A Tribute To Dan Jenkins

December 13, 2011

I'm in over my head up here. It's the way I feel every time I'm around Dan Jenkins, and I know I'm not alone.

It's kind of Dan's curse in life. I'm guessing it isn't easy always being the smartest, funniest and quickest guy in the room, especially when you don't suffer fools real gladly. I know I've done my share to make Dan suffer, but he's been nice not to let it show too much. But I've listened a lot and I've tried to remember. It's been an education and an honor.

I first read Dan after buying the book The Best 18 Golf Holes in America. I was about 13, and I kept that book under my bed and re-read it every night for months. It was different and better than other sportswriting. It was so good, sportswriting itself would change to be more like Dan's.

What makes Jenkins Jenkins? The simple answer is that he has more talent than the other guys, just like Hogan and Nicklaus and Woods. He possesses genius humor for which there is no explanation. But in his golf writing especially, Dan's humor is always founded in truth and knowledge, and he knows the heart of the matter like nobody else. As he said in the Golf Digest Interview in 2001, "I just take pride in being right."

I think Dan has been most right on those rare occasions when he has chosen not to be funny. My favorite example is the last paragraph in The Dogged Victims of Inexorable Fate, when he captured exactly what makes Arnold Palmer special: "This is true, I think. He IS the most immeasurable of all golf champions. But this is not entirely true because of all that he has won, or because of that mysterious fury with which he has managed to rally himself. It is partly because of the nobility he has brought to losing. And more than anything, it is true because of the pure, unmixed joy he has brought to trying.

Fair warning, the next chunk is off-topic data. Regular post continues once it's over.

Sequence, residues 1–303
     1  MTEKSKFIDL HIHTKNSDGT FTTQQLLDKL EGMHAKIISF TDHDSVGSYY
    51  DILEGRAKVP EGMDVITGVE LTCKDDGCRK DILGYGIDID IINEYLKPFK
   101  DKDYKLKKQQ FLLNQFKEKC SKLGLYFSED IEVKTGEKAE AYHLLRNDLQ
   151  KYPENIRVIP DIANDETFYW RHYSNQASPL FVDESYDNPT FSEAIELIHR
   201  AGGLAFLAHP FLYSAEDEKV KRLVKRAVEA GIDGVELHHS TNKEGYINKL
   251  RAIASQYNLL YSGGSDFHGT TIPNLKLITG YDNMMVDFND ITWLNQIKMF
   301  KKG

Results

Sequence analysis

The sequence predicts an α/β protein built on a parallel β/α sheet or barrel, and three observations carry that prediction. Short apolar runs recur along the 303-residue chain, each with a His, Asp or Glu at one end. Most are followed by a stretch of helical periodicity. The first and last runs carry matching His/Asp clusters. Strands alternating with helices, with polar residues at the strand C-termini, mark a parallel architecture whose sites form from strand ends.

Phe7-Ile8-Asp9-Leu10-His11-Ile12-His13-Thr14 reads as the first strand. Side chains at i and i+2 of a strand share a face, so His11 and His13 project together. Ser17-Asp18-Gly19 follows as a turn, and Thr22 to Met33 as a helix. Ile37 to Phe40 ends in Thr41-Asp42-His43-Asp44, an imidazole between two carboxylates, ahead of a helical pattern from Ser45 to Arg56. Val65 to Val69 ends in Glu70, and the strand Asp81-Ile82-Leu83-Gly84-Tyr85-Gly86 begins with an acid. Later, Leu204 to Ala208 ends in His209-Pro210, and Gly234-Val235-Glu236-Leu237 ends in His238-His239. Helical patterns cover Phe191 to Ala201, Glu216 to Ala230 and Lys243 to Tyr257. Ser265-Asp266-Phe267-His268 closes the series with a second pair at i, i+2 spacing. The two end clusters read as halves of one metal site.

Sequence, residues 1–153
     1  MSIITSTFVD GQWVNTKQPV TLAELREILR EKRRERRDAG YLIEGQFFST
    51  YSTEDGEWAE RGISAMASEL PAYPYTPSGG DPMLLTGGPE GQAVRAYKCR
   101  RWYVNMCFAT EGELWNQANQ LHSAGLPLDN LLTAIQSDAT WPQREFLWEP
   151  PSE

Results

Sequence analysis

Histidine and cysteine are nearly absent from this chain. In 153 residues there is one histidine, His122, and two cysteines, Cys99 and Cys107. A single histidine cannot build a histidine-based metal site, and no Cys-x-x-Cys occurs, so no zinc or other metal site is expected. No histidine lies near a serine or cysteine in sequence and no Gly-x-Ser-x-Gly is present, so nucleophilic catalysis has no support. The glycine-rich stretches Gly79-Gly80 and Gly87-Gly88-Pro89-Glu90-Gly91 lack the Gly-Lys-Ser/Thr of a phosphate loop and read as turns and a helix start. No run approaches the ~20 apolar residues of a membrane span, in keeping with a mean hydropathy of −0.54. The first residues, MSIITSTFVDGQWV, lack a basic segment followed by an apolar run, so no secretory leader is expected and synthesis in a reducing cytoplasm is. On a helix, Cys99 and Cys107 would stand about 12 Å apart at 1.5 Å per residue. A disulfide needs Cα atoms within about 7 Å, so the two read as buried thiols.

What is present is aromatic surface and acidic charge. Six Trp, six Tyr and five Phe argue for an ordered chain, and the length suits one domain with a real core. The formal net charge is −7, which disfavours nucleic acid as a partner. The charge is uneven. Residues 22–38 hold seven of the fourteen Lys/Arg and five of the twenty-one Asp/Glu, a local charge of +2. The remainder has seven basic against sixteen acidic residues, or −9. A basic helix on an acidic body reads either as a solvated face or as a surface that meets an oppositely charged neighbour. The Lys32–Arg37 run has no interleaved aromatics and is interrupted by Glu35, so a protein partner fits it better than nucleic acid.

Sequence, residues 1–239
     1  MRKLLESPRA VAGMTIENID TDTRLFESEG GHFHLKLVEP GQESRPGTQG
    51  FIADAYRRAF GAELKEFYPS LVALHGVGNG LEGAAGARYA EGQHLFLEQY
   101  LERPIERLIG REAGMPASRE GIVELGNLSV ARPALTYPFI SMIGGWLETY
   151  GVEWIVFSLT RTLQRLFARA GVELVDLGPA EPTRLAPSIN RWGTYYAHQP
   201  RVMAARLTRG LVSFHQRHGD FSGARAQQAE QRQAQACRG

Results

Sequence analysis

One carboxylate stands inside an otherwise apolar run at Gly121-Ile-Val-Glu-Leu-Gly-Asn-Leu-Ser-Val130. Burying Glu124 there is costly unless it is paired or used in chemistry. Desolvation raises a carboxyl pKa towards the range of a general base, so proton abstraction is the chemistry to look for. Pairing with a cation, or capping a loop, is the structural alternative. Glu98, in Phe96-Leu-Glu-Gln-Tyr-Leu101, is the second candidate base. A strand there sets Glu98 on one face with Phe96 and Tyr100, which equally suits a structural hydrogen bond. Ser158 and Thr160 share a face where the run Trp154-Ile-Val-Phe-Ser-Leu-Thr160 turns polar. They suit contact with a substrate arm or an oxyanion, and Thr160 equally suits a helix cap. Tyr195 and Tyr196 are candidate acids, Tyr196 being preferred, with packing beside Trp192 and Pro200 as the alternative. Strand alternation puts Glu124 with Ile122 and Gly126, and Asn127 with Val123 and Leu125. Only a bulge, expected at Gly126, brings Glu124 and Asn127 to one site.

"He has been, after all, the doggedest victim of us all."

I wonder how thrilling it must have been to write those words, to finish the greatest golf book ever with the greatest kicker.

In an earlier chapter in that book, called The Glory Game, Dan writes hilariously about one of the golf partners of his youth, an idiot savant named Moron Tom.

Among other things, when Moron Tom hit a good shot, he would confirm it by saying "Cod Ee-rack Fockle-dim," the pronunciation of Cod Yrac Ffocelddim, which was Doc Cary Middlecoff spelled backward.

I have a proposal. From now on when any of us write a good sentence or headline or kicker, we should all pause and say "Nad Sniknej." Which is Dan Jenkins spelled backward.

It's a privilege for all of us to be on the same staff with Dan, to be around him like this at the majors, just to be able to say we know him. Thanks for being a beacon. And thanks for being your ownself: the best.